We get a lot of pens across the bench. Pens of all ages, and in all sorts of conditions. It’s always easy to remember the horror stories, and the warning examples. But when a good one comes along, a really good one, there’s nothing like it.
Hard rubber is a contradictory material. It is much stronger than you would think. We’ve literally taken a hammer to a (previously damaged) barrel, as a means of stress-testing it. And had it bounce off. A half-dozen times. But soak it in water, or leave it in the sun, and it turns olive-brown. If it does crack, it is very difficultalmost impossibleto repair.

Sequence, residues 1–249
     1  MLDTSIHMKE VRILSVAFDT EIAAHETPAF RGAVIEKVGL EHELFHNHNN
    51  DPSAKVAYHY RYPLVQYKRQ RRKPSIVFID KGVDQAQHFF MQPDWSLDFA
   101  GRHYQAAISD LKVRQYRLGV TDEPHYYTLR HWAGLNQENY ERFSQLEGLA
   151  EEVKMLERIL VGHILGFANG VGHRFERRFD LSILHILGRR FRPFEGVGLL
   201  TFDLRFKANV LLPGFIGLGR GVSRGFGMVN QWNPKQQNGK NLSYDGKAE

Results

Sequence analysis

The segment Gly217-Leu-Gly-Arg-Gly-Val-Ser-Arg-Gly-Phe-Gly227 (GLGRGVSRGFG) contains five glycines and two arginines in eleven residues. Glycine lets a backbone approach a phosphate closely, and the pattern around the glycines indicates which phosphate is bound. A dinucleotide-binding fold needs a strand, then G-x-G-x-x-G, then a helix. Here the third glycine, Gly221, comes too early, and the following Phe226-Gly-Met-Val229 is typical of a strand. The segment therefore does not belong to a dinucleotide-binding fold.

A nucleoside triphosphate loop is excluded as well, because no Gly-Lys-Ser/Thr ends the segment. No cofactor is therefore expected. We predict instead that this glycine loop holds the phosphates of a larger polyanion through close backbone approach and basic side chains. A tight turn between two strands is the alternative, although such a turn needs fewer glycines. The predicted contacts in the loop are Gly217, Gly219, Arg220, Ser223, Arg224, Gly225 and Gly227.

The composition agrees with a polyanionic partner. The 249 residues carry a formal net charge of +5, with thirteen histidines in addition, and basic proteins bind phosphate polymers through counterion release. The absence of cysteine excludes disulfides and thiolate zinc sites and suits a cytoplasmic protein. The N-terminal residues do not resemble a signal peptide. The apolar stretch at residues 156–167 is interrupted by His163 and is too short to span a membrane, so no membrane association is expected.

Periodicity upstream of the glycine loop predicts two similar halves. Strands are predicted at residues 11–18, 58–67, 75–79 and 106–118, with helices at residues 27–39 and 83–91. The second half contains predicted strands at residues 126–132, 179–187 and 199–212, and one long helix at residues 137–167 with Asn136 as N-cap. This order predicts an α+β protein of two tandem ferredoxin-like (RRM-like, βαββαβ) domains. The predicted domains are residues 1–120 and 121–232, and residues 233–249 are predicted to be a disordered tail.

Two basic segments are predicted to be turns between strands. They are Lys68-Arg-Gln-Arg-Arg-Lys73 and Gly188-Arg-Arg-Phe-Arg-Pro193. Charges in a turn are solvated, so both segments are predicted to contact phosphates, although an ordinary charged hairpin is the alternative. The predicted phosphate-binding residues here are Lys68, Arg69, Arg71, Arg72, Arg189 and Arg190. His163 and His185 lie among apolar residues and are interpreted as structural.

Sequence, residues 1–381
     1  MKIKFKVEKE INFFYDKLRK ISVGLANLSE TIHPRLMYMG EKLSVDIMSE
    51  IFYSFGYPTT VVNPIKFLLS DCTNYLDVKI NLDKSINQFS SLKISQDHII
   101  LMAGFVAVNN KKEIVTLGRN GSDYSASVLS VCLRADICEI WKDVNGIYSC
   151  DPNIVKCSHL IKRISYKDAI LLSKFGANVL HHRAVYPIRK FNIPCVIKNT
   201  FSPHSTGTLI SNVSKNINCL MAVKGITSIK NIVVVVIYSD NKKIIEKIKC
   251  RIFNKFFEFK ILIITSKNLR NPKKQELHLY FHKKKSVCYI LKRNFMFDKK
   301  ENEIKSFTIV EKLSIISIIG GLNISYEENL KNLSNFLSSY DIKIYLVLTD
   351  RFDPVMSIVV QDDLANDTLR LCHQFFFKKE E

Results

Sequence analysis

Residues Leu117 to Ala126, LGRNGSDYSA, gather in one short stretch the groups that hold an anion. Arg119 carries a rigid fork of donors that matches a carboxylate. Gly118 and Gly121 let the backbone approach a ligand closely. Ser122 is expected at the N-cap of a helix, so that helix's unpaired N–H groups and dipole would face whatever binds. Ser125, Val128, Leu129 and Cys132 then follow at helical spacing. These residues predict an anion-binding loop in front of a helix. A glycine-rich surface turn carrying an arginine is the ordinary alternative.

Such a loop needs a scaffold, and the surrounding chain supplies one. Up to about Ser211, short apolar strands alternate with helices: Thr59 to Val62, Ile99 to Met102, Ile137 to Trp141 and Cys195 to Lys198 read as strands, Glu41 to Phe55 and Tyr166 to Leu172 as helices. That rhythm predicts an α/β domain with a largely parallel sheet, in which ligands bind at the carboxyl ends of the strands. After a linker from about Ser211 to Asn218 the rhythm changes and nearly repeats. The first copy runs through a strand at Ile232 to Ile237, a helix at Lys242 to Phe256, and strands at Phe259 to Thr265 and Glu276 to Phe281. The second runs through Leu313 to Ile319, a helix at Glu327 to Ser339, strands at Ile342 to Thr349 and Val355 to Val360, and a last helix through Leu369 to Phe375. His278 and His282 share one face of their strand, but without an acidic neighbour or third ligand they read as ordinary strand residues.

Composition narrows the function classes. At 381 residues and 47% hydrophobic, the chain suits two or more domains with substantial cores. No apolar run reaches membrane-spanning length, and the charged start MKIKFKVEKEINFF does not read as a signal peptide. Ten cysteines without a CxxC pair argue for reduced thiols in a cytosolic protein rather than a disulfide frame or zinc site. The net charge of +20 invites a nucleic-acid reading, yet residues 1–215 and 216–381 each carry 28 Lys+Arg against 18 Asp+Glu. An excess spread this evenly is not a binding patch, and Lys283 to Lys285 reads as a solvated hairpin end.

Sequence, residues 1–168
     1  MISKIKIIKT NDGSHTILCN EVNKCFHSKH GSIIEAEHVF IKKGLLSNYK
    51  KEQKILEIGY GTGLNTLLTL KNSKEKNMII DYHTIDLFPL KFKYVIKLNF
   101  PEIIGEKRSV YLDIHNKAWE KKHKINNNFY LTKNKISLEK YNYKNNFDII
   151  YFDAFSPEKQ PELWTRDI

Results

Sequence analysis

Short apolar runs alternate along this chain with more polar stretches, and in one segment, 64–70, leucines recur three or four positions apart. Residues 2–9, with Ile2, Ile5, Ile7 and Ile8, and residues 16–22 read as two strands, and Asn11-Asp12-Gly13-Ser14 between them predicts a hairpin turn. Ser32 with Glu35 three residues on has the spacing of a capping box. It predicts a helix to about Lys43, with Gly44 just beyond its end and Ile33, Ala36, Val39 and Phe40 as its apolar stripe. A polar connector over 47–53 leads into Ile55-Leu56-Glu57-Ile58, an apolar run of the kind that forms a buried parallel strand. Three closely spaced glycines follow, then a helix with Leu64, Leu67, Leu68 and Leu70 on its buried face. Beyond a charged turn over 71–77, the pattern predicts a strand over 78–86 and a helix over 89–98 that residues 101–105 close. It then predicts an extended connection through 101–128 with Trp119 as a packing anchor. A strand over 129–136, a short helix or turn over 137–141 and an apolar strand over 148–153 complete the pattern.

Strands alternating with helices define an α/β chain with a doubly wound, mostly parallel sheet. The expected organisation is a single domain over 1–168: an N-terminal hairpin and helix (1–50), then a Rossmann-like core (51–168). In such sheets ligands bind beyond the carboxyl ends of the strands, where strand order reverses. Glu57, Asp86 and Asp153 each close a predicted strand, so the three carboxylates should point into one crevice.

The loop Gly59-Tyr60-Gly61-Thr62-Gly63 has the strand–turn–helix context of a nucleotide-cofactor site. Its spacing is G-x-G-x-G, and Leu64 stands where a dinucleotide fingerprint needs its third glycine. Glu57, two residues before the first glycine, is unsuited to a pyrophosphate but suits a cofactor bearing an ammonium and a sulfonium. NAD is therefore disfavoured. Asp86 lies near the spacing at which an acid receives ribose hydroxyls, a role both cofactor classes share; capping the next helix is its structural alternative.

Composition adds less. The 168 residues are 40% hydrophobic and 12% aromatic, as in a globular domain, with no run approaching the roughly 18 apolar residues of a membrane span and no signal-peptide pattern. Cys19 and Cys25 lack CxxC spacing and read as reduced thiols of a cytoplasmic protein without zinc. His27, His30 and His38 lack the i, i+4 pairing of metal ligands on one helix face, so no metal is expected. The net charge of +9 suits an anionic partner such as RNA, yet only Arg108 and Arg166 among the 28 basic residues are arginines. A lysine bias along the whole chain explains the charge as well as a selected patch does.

But when it is cared for, it will last nearly forever. And so we come to this lovely, incredible, pen.
The Arthur A. Waterman Company operated at the same time as the better-known L. E. Waterman. And, for all that LE were, and are, known for producing outstanding pens, AA made better ones.
This is what chased hard rubber should look like: smooth, and so shiny you can see yourself in it. The chasing should be clear and crisp. Pair that with a nice flexible, responsive nib, and we have one of the best examples of one of the best pens ever made.
And then we give it back.